Smoke alarm law to change

Ontario has stepped up its laws regarding smoke alarms in an effort to help save lives and reduce property damage.
As of March 1, 2006, all homes will be required to have a working smoke alarm on every level of the home. This is in addition to the previous law requiring smoke alarms outside all sleeping areas.
“In about 50 percent of fatal, preventable home fires, there was no smoke alarm warning,” said Ontario Fire Marshal Bernard Moyle.
“It is critical to have working smoke alarms on every level to give occupants the precious seconds they need to escape a fire,” he stressed.
The amendment applies to all single family, semi-detached, and town homes, whether owner-occupied or rented.
Municipal fire departments across Ontario have been informed of the amended regulation and will be enforcing it after the March 1 deadline.
For homeowners and tenants, non-compliance with the new smoke alarm requirement can result in a $235 fine. Fire officials also can issue citations to people for tampering with their smoke detector, such as removing the batteries.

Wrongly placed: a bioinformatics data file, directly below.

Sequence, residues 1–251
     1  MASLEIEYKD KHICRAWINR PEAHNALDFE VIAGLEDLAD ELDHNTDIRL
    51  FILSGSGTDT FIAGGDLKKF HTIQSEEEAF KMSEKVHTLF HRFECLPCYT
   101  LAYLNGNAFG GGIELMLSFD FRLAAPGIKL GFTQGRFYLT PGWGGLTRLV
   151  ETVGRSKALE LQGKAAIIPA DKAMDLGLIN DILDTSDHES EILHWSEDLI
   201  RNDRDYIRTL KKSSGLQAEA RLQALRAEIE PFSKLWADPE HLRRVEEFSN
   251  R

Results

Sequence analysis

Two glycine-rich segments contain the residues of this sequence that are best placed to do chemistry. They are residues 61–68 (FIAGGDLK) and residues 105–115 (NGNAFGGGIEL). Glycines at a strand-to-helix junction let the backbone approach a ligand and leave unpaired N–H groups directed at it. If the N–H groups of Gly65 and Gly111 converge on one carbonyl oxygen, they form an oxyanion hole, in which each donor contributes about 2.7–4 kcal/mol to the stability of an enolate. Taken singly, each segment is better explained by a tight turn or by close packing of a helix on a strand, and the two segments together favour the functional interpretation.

Landlords must make sure their rental properties comply with the law. Those who fail to comply can face penalties of up to $25,000.
“This may be a different approach than you are used to from your fire department,” Moyle said. “That’s because they know how important it is to have working smoke alarms.
“If a fire were to occur in your home, smoke alarms could mean the difference between life and death.”
Fire departments will be launching a public awareness campaign—“Working Smoke Alarms: It’s the Law!”—to inform homeowners, tenants, and landlords of their new responsibilities under the Fire Code.
Smoke alarms should be tested monthly, and the batteries replaced or recharged once a year. Alarms should be replaced altogether if they are more than 10 years old.
Batteries should never be removed from a smoke alarm. If nuisance alarms are a problem, Moyle recommends moving the alarm to another location or purchasing one with a hush feature that temporarily silences the alarm.
Families also are encouraged to develop a home fire escape plan so that everyone in the household knows what to do if the smoke alarm sounds.

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